Colors to Wear for a Successful Portrait Session
Whether you are taking a family portrait for a special gift or you want to update your photo to include new family members, formal pictures of all the relatives together are treasured possessions for most people. However, nothing can ruin a group shot quicker than lack of color coordination. Having Uncle Brett show up in denim overalls, red boots, and his favorite white cowboy hat while the rest of the family is decked out in khaki pants and mocha sweaters will not make for the perfect family portrait. The key to getting a group shot to look as pleasing as possible is to have family members wear outfits that feature the same color scheme.
If there were a set rule on how to choose the coordinating colors for a family photo, it would solve a lot of problems. Unfortunately, no single rule exists that determines the best colors to wear for group shots, but you can improve your odds of success by asking some questions before the session. Find out what the background color will be, for example, or the location where the photos will be taken.
Have everyone wear colors that are complementary in shade.
Avoid fabrics with large prints, patterns or plaids. Typically medium shades of blues, greens or purples are flattering to most skin tones, but stay away from vivid shades of red or orange or stark neutrals like black or white. In addition to these basic tips, there are a number of other factors that come into play when deciding colors for family portraits.
If it’s an outdoor photo session, then consider sticking with clothing featuring medium to dark colors, such as blues and browns. You might also consider the following:
- Beach photo shoots might require lighter tones, especially if the photographer wants to create a contrast between you and the sky or water.
- If the majority of your outdoor shots will be taken with a light background, then avoid wearing white colored outfits so you don’t appear washed out or blend into the background.
- Traditional earthy tones, such as tan, gold, brown, and beige also work well for outdoor group shots.
- Indoor photo sessions tend to be more formal than outdoor ones. Therefore, you should consider wearing darker colors. Your photographer can tell you what color backdrops he has in stock, and which colors he recommends your family members wear to the shoot.
- Formal shots in which subjects are wearing suits and dresses typically look better in darker shades, such as black or navy blue.
- Males and females can coordinate outfits by choosing solids from the same color family.
- Jewel tones, such as burgundy, rich reds, and maroon, work well together.
Consider how the color of your outfit matches your skin tone. People with very fair skin should avoid wearing bright white as it may make them appear washed out in the photograph. Those with very dark skin should avoid wearing light colors, such as pale yellow or lavender, as the contrast in colors will appear distracting in a group shot. Regardless of your skin type, you should not wear extremely bright colors. Neon colored clothing is not recommended for family portraits. Outfits featuring bright shades of red and purple, or those made of reflective material are best left at home on the day of your photo shoot.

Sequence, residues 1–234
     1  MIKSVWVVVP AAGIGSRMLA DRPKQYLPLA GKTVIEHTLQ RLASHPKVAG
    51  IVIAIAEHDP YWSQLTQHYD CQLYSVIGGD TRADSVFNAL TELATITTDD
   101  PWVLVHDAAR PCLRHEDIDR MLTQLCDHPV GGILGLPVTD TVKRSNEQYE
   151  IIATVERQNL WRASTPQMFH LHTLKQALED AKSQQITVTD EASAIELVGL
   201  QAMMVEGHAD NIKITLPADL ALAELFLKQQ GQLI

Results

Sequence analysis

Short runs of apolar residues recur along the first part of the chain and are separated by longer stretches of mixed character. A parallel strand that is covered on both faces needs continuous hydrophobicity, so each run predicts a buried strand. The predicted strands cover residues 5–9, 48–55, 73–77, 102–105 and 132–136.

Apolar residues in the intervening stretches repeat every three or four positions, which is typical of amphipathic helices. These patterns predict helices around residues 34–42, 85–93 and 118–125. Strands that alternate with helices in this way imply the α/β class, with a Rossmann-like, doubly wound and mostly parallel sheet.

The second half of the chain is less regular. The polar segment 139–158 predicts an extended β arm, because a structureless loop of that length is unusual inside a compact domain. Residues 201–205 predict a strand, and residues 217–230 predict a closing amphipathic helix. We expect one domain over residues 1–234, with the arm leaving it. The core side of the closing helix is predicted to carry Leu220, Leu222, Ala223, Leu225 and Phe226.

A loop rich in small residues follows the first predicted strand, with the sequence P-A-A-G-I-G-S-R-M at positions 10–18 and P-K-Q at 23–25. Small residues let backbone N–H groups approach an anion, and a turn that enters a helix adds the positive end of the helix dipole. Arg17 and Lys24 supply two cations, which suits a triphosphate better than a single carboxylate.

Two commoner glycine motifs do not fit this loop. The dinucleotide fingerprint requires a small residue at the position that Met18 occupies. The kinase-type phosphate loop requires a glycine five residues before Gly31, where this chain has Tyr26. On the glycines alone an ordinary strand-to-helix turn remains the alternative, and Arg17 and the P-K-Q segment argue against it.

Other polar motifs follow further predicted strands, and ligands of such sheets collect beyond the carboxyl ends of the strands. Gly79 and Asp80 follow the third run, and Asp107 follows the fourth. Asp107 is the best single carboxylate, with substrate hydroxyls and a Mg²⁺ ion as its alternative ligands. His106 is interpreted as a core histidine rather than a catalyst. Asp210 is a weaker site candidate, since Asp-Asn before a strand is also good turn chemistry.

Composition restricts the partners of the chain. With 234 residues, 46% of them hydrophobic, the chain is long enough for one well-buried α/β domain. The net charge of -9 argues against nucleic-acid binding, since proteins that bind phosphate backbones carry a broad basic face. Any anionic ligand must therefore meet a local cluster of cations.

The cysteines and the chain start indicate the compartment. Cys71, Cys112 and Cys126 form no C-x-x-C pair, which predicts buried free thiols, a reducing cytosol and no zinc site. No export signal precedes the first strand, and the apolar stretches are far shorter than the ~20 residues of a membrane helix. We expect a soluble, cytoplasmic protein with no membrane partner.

Your choice of color may also depend your own personal preference, and family members should be allowed to make their own selections within reason:
Most professional photographers recommend traditional head and shoulder group portraits be shot in simple, long sleeved tops in solid tones of brown, burgundy, green, or blue. Consider discussing several choices that offer a harmonious look, even if they don’t include subtle shades. Visual harmony can be achieved even if you buck the traditional color scheme of blue and brown and dress in pinks and grays.
Finding matching clothes for a large group can be next to impossible, especially if family members are traveling in from out of town for an event or for the photo itself. Here are some ideas that work for large group shots without forcing everyone to match colors perfectly:
Consider choosing a color, such as blue, and having the colors fade from oldest to youngest. For example, the oldest person could wear a very dark, navy blue and the colors would lighten until the youngest in the family wears a powder-blue shirt. Neutral colors go well together, and you can introduce a pop of color here and there to add interest. For example, in a multi-generational photo, the grandmother might wear a burgundy top and her husband a neutral tan shirt. The next generation, her children, would wear tan colors with the oldest (or only boy or only girl) wearing a deep, jewel-toned green. Finally, the grandchildren could wear white and khaki with the youngest in a brightly colored dress or shirt. Alternatively, everyone could wear a neutral shade except the youngest. For a simple, clean look, have everyone wear a combination of black and white and add color from props in the setting, such as flowers, or in the men’s ties, or from sashes around the little girls’ dresses. When the color is only splashed here and there in small amounts, you can get away with a virtual rainbow of hues.
Keep It Simple
You don’t have to be a professional stylist to color coordinate your group successfully. Have everyone dress in their chosen outfits and then assemble in front of a large mirror. Check the overall look of the grouping for symmetry and balance. Is it pleasing to the eye or is there a color or pattern that seems out of sync? If so, simply having that person choose a different color or style of garment should do the trick. When you achieve a look that looks good in the mirror, it should also look great on film.